Jul 20, 2017 12:00 AM

Author: Libby Mitchell


Earlier this week Senator John McCain revealed a surgery to remove a blood clot in his brain had discovered something else – a malignant brain tumor. However, surgery is not the most common way such tumors are usually found and diagnosed. Neither are headaches, believe it or not. “Headaches do not correlate with brain tumors very well,” said Randy Jensen, MD, PhD, a neurosurgeon with University of Utah Health. “They are too nonspecific. A constant pressure in the head may suggest an issue but not episodic experiences of pain.” 

Signs of a Stroke and Brain Tumor

So, what then are the most common symptoms of a brain tumor? “A lot of the time a brain tumor is mistaken for a stroke,” said Jensen. “That’s how it presents: as a new onset of a seizure or a new deficiency like a numb arm or leg.”

The lateral nature of symptoms observed in stroke patients is also often seen in patients with brain tumors. Patients may complain of “losing” some of their vision on one side, or they may neglect things that happen on one side of the body. “Family members will come in and say they knew something was wrong when a patient didn’t seem to notice the other side of the road when driving,” said Jensen.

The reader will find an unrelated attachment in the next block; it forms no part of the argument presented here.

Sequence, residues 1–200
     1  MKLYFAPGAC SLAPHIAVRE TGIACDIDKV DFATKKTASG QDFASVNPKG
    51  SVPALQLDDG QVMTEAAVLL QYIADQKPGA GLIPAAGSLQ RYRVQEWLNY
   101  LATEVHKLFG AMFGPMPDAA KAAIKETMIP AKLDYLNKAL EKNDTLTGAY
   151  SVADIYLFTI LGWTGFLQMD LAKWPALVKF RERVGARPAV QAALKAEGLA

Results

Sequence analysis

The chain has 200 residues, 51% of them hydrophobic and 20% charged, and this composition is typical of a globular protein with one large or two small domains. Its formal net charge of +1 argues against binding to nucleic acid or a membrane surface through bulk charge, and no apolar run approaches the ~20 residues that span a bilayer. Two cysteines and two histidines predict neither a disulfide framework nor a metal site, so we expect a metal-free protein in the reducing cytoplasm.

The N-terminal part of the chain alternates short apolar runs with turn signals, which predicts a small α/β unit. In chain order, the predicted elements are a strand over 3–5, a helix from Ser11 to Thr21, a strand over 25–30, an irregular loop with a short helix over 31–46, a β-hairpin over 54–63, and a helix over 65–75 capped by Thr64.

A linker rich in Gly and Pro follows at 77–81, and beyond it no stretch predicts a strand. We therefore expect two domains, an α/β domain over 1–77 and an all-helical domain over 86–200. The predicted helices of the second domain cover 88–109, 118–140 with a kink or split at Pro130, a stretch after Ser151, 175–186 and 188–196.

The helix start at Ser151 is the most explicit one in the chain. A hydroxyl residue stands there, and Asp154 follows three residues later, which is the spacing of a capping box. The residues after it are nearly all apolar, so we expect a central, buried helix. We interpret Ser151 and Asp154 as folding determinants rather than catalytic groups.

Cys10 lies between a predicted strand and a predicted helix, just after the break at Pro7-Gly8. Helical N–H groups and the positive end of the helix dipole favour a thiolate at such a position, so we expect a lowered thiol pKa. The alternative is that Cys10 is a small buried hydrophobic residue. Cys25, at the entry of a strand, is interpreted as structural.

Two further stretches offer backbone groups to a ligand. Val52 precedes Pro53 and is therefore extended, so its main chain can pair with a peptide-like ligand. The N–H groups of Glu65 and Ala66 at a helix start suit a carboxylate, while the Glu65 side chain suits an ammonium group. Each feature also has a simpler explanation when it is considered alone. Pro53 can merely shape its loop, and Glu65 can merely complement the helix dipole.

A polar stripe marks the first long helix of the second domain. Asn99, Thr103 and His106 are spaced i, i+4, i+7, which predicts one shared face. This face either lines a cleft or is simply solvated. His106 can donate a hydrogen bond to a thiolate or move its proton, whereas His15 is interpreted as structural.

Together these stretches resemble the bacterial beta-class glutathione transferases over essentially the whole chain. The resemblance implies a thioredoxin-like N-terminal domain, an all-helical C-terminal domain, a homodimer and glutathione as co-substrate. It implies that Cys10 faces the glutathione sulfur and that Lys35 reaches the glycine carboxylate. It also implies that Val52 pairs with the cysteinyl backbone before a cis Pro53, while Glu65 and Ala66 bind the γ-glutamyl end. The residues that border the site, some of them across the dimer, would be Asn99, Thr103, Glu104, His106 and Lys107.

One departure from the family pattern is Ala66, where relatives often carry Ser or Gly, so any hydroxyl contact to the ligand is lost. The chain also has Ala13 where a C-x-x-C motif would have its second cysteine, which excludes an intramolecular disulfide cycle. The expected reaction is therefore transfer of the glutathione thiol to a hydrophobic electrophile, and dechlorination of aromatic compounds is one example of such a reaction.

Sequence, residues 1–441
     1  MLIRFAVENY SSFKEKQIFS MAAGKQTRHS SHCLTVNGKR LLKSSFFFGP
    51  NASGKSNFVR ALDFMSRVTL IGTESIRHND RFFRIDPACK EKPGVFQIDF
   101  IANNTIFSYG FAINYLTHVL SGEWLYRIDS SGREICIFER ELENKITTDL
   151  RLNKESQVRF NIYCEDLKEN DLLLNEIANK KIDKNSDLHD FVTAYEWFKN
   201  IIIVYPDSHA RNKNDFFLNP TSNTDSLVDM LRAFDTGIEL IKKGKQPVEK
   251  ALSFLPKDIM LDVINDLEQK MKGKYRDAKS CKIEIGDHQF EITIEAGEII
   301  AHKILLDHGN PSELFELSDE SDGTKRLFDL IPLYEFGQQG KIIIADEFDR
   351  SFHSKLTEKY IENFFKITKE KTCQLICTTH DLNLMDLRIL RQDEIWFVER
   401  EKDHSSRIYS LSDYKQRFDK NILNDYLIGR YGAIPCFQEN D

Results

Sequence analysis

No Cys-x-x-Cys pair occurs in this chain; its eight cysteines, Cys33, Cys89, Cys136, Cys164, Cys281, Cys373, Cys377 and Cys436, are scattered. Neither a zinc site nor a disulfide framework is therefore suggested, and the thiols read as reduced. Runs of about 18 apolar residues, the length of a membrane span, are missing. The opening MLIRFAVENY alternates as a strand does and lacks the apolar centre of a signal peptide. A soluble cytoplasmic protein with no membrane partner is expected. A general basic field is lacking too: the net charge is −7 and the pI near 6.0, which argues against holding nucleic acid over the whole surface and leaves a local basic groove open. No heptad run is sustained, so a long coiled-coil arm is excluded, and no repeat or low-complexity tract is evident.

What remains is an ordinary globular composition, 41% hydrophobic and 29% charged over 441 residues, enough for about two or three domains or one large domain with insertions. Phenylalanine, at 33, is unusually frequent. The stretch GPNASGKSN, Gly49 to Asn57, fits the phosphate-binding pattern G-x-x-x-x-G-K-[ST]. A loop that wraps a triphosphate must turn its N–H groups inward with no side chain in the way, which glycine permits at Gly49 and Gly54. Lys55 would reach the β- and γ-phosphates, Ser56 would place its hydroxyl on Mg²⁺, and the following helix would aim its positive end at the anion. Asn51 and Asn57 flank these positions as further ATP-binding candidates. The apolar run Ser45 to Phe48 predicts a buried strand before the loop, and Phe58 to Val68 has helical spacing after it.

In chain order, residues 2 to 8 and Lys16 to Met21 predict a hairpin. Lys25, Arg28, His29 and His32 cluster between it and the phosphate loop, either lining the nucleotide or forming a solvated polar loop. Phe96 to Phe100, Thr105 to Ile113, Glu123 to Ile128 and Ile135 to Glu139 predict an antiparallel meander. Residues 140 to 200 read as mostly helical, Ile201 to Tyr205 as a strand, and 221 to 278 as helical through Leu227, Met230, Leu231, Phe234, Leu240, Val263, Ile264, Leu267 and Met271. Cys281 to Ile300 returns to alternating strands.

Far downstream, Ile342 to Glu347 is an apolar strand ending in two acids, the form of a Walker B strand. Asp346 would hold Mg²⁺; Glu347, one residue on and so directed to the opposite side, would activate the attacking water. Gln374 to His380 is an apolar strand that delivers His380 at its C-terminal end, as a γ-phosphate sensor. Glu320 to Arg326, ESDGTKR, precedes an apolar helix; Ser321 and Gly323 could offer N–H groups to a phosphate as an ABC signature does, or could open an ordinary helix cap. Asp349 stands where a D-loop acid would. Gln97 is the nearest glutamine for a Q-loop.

Changes in personality are also a symptom in both strokes and brain tumors. These occur when the frontal lobe of the brain is affected. “A person may become more impulsive or apathetic,” said Jensen. “They may suffer mood swings or lash out at those around them for no apparent reason.” 

The Difference Between Brain Tumors and Strokes

While a stroke and a brain tumor may present with similar symptoms it is the timing of these symptoms that differentiates them. With a stroke, the symptoms happen quickly over a period of minutes or hours. With a brain tumor, the symptoms may come on so subtlely that those around the patient take little to no notice right away. “They may be willing to write it off,” said Jensen. “They may think it’s a momentary lapse, or blame it on something else.”

Such symptoms should not be written off though, and should be addressed sooner rather than later. If an apparent neurological deficiency develops it is best to make an appointment if it lasts more than a couple of days. “Make an appointment with your primary care physician,” said Jensen. “They can assess if your symptoms require you to have a neurological workup and brain imaging.”

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